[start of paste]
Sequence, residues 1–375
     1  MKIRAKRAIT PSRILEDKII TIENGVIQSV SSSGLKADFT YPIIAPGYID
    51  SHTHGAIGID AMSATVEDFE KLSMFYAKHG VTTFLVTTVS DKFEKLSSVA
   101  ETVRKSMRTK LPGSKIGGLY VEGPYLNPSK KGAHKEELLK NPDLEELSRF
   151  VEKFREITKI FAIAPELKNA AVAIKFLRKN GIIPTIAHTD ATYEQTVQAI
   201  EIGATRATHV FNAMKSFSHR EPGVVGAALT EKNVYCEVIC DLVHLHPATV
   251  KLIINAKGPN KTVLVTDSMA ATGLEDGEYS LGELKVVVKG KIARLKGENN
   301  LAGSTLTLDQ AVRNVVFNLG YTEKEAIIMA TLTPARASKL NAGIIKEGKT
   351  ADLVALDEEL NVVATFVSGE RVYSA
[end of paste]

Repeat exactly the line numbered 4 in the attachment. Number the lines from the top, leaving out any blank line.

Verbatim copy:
   101  ETVRKSMRTK LPGSKIGGLY VEGPYLNPSK KGAHKEELLK NPDLEELSRF